Signs on a single post welcome motorists to University Heights and remind them of the speed limit.
Nearby is a police cruiser, equipped with state-of-the-art radar. It’s used often in this community known for its aggressive traffic enforcement.
“The perception is that we’re a speed trap,” Police Chief Ron Fort said. “My personal opinion is, that’s a good thing. The reality of it is, we’re sitting in plain sight. We don’t hide.”
With one officer on shift at a time, University Heights police made 5,217 traffic stops in 2008. It equals about 1,000 traffic stops per officer, or about five per resident — a rate much higher than the six other metropolitan communities analyzed by The Gazette.
Traffic stops in University Heights, Cedar Rapids, Marion, Hiawatha, Iowa City, Coralville and North Liberty were compared.
Nearly 900 of the University Heights traffic stops resulted in speeding tickets. Driver’s license, registration and insurance violations accounted for about 600 citations.
On Melrose Avenue, where most of the enforcement takes place, there hasn’t been a single University Heights resident cited for speeding in at least five years, Fort said.
“They know we’re there,” Fort said.
Marion also has a reputation for aggressive enforcement. A little more than 9,000 traffic stops were made by Marion officers last year, with about 2,000 of them resulting in speeding citations.
“You won’t get an apology from us for doing our job,” Lt. Michael De La Mater said.
De La Mater, commander of the patrol division since 1996, said people are more likely to have their lives altered by a traffic crash than by a crime. Of 934 traffic crashes last year in Marion, an ambulance was needed in only eight of them.
“That’s because we control our speed, and we have a 97 percent compliance rate on seat belts,” De La Mater said.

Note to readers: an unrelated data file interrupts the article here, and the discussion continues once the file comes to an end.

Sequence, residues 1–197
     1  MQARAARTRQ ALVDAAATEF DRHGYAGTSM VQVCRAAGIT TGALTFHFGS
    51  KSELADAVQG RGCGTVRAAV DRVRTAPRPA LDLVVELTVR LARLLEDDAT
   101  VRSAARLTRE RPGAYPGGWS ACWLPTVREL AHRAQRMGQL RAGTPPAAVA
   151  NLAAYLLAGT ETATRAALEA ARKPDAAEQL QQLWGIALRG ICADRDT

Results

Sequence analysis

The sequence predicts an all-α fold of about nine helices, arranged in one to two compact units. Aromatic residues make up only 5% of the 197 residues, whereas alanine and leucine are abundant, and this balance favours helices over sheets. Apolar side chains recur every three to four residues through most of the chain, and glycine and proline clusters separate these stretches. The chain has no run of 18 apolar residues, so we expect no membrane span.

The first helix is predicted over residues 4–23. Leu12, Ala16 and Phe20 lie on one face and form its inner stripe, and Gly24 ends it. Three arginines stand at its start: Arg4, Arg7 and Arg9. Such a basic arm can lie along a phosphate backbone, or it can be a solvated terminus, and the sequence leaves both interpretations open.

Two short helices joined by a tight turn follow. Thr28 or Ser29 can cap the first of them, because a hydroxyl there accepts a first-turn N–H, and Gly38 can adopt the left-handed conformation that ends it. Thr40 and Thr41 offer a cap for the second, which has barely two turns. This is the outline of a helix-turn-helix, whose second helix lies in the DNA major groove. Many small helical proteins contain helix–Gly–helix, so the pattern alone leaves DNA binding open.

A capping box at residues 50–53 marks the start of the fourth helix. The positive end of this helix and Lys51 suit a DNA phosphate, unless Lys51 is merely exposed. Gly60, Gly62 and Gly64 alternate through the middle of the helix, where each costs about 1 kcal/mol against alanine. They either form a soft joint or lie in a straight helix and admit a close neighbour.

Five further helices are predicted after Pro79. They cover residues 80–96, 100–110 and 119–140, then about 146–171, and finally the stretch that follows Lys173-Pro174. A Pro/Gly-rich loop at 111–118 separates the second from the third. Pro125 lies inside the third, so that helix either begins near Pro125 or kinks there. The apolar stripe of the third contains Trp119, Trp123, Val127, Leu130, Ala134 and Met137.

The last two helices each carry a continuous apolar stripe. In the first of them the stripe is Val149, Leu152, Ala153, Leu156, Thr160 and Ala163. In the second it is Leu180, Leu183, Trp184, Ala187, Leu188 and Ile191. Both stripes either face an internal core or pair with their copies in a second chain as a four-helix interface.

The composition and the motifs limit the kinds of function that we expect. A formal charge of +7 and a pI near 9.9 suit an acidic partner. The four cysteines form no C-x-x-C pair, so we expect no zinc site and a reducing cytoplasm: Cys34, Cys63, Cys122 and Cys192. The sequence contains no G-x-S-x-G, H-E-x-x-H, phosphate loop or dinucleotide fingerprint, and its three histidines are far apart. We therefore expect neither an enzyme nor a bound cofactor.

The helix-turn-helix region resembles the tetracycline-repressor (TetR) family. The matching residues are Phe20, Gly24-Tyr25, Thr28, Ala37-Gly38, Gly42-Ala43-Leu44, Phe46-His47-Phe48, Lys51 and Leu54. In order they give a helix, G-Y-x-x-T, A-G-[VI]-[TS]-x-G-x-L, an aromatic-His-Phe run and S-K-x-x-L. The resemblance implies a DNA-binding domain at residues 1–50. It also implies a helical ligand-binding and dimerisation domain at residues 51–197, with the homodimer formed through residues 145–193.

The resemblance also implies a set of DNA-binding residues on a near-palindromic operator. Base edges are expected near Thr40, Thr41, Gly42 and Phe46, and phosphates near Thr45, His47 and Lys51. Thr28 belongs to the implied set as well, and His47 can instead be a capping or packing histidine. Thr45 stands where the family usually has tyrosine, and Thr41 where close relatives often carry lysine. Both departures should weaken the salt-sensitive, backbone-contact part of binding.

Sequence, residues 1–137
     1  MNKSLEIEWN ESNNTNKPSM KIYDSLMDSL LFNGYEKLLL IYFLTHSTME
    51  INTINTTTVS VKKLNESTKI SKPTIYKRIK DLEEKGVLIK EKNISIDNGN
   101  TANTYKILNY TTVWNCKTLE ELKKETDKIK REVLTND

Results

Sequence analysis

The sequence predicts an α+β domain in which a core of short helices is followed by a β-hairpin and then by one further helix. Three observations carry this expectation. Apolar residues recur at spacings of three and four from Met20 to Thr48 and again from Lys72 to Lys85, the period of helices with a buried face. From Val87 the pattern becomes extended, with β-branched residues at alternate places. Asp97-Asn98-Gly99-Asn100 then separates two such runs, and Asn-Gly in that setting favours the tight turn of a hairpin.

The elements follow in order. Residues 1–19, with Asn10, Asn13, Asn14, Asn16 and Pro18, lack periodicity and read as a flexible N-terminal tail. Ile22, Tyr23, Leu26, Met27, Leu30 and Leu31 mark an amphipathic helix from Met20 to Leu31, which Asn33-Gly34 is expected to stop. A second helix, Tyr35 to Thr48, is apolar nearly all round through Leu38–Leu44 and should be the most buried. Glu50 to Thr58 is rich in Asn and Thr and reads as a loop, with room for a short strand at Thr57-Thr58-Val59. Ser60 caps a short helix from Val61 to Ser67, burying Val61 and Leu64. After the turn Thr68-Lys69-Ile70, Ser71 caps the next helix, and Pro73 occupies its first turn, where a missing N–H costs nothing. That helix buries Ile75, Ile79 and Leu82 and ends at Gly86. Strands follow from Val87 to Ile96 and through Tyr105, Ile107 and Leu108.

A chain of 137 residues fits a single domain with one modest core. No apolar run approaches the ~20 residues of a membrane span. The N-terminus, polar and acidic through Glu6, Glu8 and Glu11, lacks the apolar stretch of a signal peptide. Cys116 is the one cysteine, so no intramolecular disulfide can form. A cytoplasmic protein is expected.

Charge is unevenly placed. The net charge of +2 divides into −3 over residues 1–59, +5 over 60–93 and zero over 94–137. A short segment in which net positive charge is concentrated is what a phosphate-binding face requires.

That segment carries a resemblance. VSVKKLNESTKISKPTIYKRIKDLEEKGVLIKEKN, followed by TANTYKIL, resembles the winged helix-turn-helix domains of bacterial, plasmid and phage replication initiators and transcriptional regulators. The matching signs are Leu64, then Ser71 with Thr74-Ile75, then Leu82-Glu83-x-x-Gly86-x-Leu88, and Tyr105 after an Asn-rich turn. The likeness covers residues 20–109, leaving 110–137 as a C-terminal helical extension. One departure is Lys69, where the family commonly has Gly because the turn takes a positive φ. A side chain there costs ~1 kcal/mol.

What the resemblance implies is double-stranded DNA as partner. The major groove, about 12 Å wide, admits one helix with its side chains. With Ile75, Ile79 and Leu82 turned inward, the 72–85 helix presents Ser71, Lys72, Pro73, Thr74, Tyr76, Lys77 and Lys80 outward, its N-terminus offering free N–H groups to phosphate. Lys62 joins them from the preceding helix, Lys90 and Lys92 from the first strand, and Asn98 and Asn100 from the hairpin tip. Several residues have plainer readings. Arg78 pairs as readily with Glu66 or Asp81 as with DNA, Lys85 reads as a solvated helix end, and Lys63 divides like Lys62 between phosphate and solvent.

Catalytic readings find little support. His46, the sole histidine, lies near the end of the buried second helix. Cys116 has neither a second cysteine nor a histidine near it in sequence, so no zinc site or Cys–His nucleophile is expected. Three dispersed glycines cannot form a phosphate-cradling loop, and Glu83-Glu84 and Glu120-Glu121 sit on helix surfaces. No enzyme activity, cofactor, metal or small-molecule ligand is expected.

The number of traffic stops police make in Marion varies from day to day, according to a review of police logs by The Gazette. On June 15, Marion police made 77 stops, but only about 30 were made the next two days. During the first half of 2009, Marion averaged 26 traffic stops per day.
Days that Marion police make more traffic stops than Cedar Rapids police are not uncommon.
Last year, though, Marion police made the fewest traffic stops in at least four years, according to the department’s annual report. Officers there made nearly 12,000 stops in 2005 but made about 9,000 in 2008. De La Mater did not know the reason for the sharp decline but said a directive wasn’t issued.
While most police departments analyzed are on track to make nearly the same number of traffic stops this year as in 2008, officers in Coralville are well ahead of last year’s pace. Through June, Coralville police made 7,092 traffic stops, compared with 11,360 in all of 2008.
Some drivers believe traffic enforcement is driven by revenue, but De La Mater said only a fraction — less than $20 in some cases — comes back to the city for each speeding ticket.